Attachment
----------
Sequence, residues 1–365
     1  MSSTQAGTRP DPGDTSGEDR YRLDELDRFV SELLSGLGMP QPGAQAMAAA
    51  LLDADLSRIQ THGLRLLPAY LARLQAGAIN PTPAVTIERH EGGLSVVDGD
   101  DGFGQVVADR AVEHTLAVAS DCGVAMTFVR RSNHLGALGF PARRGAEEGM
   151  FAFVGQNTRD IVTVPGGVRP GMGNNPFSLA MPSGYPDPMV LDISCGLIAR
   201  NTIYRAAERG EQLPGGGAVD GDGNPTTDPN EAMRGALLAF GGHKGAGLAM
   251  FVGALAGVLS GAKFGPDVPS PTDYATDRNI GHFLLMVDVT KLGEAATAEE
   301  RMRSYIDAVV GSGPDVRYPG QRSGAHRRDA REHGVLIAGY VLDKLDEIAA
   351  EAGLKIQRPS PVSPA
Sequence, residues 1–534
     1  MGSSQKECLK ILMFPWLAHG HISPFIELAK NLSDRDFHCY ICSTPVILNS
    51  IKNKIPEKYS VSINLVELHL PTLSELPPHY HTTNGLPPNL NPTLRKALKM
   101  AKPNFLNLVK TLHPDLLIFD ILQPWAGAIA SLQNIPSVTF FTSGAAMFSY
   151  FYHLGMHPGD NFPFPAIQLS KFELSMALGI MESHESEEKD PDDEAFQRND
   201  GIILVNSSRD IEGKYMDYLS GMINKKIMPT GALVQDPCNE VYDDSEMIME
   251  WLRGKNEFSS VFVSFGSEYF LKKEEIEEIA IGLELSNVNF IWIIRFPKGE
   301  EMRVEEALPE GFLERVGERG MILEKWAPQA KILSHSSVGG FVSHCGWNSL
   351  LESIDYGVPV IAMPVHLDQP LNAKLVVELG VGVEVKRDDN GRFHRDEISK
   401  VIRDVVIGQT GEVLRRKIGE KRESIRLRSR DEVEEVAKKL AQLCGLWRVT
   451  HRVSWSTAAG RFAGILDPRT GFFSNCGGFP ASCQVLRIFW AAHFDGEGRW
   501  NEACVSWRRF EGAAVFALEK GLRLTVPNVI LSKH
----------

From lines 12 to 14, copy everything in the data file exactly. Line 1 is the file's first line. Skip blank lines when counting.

    51  IKNKIPEKYS VSINLVELHL PTLSELPPHY HTTNGLPPNL NPTLRKALKM
   101  AKPNFLNLVK TLHPDLLIFD ILQPWAGAIA SLQNIPSVTF FTSGAAMFSY
   151  FYHLGMHPGD NFPFPAIQLS KFELSMALGI MESHESEEKD PDDEAFQRND